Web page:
# Definition of Limits in Category Theory

I was reading Kashiwara, Schapira's book Categories and Sheaves, in that limit of a projective system,

$$P:\mathcal{I}^{\text{op}}\to \textbf{Sets}$$

Is defined as follows,

$$\lim P = \text{Hom}_{\textbf{Sets}^{\mathcal{I}^{\text{op}}}}(Pt, P)$$

where $$Pt$$ is the constant functor. Can someone tell me what's happening here? I know the standard universal property definition. This seems extremely abstract to me, and can't make sense of it.

The universal property definition of a limit (of a projective system, in this case) tells you what property an object (+ morphisms) must have to be that limit. It is a definition that works for every category.

Now, some categories 'have projective limits' and some don't and to show that a particular category 'has projective limits', you need to actually construct that object.

Now $$\text{Hom}_{\textbf{Sets}^{\mathcal{I}^{\text{op}}}}(Pt, P)$$ is a construction of the projective limit in the category of sets.

Here $$Pt \colon {\cal I}^{\text{op}} \to \textbf{Sets}$$ is the constant functor that always gives the one-point set. An element of $$\text{Hom}_{\textbf{Sets}^{\mathcal{I}^{\text{op}}}}(Pt, P)$$ consists of a family of morphisms $$f_i \colon Pt(i) \to P(i)$$, for $$i \in {\mathcal I}$$, that commute with the morphisms $$P(i \to j) \colon P(j) \to P(i)$$ and $$Pt(i \to j) \colon Pt(j) \to Pt(i)$$. Since $$Pt(i)$$ is just a one-point set, you can as well see that as elements $$f_i \in P(i)$$, for $$i \in {\mathcal I}$$, such that for every morphism $$k \colon i \to j$$ in $${\cal I}$$, $$P(k)(f_j) = f_i$$. This looks more like the 'usual' construction of the projective limit in $$\textbf{Sets}$$ as a family of $${\cal I}$$-indexed elements of $$P(i)$$ that map to each other under the morphisms $$P(i \to j)$$.

Of course, it needs a proof that this is indeed the projective limit in $$\textbf{Sets}$$.

For a moment, define $$\lim P$$ in the ordinary way as an element of $$\mathbf{Set}$$ with a cone $$\lim P \Rightarrow P$$ satisfying the appropriate universal property. Notice that the set $$\textrm{Hom}_{\mathbf{Set}^{\mathcal{I}^{\textrm{op}}}}(Pt,P)$$ is exactly the set of cones $$t\Rightarrow P$$. Because of the universal property, there will be a one-to-one correspondence between arrows $$t\to \lim P$$ and cones $$t\Rightarrow P,$$ giving a natural isomorphism $$\textrm{Hom}_{\mathbf{Set}}(t,\lim P) \cong \textrm{Hom}_{\mathbf{Sets}^{\mathcal{I}^{\textrm{op}}}}(Pt,P).$$ It can be proven (with the Yoneda Lemma) that limits of $$P$$ are exactly objects satisfying the above identity, and that a choice of natural isomorphism completely specifies a universal cone $$\lim P\Rightarrow P.$$ Restating this fact, limits of $$P$$ are exactly objects that represent the contravariant functor $$\textrm{Hom}_{\mathbf{Sets}^{\mathcal{I}^{\textrm{op}}}}(P-,P):\mathbf{Set}^{\textrm{op}}\to \mathbf{Set}.$$ Kashiwara and Shapira then make the choice to conflate the limit with the functor that it represents.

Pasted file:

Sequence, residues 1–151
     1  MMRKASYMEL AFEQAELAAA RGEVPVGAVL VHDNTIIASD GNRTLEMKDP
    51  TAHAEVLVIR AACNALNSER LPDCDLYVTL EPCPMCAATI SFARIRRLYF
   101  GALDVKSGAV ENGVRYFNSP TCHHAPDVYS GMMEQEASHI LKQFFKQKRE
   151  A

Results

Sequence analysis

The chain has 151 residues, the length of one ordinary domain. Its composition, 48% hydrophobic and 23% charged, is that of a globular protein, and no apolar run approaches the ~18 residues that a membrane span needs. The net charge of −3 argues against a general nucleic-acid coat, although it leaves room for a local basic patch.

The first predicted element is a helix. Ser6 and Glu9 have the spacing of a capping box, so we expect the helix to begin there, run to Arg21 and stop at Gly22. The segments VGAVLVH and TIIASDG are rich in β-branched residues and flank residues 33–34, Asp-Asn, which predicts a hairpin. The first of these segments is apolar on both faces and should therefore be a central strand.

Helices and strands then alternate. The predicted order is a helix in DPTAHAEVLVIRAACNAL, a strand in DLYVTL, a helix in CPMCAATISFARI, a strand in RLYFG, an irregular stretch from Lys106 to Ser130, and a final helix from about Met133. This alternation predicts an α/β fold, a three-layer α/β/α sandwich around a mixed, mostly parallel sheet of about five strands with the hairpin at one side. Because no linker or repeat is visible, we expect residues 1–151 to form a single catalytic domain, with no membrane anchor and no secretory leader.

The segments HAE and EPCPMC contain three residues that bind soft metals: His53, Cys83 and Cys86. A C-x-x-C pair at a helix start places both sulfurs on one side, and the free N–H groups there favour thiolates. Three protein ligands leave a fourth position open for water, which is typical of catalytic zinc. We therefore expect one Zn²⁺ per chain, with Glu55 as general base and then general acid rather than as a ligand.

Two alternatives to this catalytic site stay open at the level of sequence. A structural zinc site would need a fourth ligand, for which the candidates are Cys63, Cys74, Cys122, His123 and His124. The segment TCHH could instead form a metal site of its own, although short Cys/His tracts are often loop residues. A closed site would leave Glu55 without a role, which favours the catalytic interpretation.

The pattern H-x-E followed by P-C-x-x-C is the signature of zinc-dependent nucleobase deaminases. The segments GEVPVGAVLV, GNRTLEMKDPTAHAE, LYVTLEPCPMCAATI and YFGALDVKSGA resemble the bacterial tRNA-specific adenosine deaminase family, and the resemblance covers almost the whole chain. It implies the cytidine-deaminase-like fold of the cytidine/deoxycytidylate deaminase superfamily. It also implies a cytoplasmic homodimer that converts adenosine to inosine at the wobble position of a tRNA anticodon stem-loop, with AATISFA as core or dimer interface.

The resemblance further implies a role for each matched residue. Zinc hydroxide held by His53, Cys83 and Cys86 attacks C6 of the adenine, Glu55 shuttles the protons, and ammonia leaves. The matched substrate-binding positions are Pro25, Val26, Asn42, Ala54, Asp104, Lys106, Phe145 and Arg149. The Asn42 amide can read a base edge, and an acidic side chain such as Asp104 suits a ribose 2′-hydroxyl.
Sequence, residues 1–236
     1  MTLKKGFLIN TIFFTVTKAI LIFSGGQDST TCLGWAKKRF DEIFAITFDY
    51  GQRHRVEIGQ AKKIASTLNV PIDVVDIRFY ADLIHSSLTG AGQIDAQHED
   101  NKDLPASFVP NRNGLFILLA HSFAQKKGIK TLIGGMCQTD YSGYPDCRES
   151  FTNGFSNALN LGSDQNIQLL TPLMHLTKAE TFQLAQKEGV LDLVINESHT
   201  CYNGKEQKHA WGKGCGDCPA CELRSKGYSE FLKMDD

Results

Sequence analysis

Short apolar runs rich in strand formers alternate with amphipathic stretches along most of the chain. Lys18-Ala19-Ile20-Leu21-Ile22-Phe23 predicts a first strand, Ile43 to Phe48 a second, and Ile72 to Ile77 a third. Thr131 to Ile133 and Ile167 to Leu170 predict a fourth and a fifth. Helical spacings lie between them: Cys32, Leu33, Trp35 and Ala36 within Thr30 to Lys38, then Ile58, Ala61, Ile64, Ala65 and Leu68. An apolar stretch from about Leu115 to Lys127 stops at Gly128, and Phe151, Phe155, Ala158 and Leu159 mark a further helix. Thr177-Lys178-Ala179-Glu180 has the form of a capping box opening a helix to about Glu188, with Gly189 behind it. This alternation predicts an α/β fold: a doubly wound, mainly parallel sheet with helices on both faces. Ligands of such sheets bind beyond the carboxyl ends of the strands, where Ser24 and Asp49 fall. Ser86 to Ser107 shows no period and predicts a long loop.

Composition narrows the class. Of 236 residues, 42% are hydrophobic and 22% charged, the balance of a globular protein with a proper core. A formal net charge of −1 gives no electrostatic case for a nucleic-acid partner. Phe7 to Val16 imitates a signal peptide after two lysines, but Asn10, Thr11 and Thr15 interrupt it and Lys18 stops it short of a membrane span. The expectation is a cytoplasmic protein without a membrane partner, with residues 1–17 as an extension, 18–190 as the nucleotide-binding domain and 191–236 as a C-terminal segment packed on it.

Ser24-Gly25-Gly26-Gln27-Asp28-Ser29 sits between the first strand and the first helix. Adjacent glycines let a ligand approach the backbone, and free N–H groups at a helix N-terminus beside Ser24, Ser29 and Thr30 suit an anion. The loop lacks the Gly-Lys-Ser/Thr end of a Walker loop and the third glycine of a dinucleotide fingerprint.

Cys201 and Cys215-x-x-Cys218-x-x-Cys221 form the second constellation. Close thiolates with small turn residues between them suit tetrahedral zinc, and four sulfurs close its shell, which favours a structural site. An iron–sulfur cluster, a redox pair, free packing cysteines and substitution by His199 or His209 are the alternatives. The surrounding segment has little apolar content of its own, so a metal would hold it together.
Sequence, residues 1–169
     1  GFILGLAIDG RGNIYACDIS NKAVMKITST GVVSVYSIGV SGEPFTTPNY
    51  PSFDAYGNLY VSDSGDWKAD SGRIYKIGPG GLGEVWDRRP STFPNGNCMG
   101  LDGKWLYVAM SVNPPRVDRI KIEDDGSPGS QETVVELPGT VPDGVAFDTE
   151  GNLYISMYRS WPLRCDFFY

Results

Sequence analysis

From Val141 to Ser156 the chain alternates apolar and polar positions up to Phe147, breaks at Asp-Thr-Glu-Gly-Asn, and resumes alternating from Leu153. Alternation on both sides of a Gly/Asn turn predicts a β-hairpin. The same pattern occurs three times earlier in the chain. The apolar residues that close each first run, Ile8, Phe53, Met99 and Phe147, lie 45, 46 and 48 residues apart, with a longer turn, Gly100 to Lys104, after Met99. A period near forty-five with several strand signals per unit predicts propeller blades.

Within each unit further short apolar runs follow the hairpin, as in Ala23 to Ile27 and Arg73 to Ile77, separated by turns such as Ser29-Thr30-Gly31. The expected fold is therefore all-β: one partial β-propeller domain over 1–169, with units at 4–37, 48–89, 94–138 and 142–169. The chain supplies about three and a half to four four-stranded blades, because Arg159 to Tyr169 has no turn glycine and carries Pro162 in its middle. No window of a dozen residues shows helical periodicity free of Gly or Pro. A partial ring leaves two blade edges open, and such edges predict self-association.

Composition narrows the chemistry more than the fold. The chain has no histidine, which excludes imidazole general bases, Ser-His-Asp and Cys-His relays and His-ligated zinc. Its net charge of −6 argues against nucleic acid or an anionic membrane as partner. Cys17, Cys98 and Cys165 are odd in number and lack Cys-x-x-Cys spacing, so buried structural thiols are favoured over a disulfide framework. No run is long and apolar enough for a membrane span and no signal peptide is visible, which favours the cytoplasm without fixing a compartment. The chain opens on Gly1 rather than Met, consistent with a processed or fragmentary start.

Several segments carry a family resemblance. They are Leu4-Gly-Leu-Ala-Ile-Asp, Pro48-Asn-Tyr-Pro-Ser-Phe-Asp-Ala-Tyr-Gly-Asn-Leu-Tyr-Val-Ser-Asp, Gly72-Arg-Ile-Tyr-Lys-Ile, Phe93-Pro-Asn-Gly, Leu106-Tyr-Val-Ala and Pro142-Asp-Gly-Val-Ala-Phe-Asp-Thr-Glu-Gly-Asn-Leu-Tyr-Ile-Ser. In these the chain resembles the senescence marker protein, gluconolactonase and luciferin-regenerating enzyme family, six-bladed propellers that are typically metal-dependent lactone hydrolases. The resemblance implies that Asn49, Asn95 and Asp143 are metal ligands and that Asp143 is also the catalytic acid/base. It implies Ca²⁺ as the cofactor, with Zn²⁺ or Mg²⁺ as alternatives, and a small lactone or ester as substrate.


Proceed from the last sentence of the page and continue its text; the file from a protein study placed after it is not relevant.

Edit: After looking at Kashiwara and Schapira's book I realized that Magdiragdag's answer is actually much closer to what they are going for. My mistake was to assume that they understand $$t$$ to be a free variable, when actually it is meant to specifically be a one element set. Fixing $$t$$ as a one element set we get $$\lim P\cong \textrm{Hom}_{\mathbf{Set}}(t,\lim P)\cong \textrm{Hom}_{\mathbf{Sets}^{\mathcal{I}^{\textrm{op}}}}(Pt,P),$$ so that Kashiwara and Schapira are in fact defining the limit as a set rather than a contravariant functor. Quickly re-iterating the response by Magdirag, the limit can be identified with the set of all tuples $$(f_i)_{i\in \mathcal{I}}$$ that are compatible under the morphisms induced by $$P$$. The universal arrows are given by the projection maps onto the components of the tuple. This set can then be identified with the set of cones $$\textrm{Hom}_{\mathbf{Set}^{\mathcal{I}^{\textrm{op}}}}(Pt,P).$$

Here is how this can be shown in a more mechanical way: $$\mathrm{lim}\,P \cong \mathbf{Sets}(\mathbb{1}, \mathrm{lim} P) \cong \mathbf{Sets}^{\mathcal{I}^\mathrm{op}}(\Delta\mathbb{1}, P)$$

Here are the two patterns, which can be easily applied almost without paying any attention to the surrounding text:

The difference to what subrosar wrote might seem subtle, but simply replacing $$Pt$$ by $$\Delta \mathbb{1}$$ makes the connection to the catchy

$$\mathrm{colim} \dashv \Delta \dashv \mathrm{lim}$$

immediately apparent.

Of course, one also has to remember why "$$\Delta \dashv \mathrm{lim}$$" is exactly the same as the universal-property-definition-spelled-out-in-prose-with-cones-and-indexed-families-of-morphisms. But once one has done that, it's much easier to remember "$$\Delta \dashv \mathrm{lim}$$", which is also arguably more convenient for quickly scribbling down some formulas.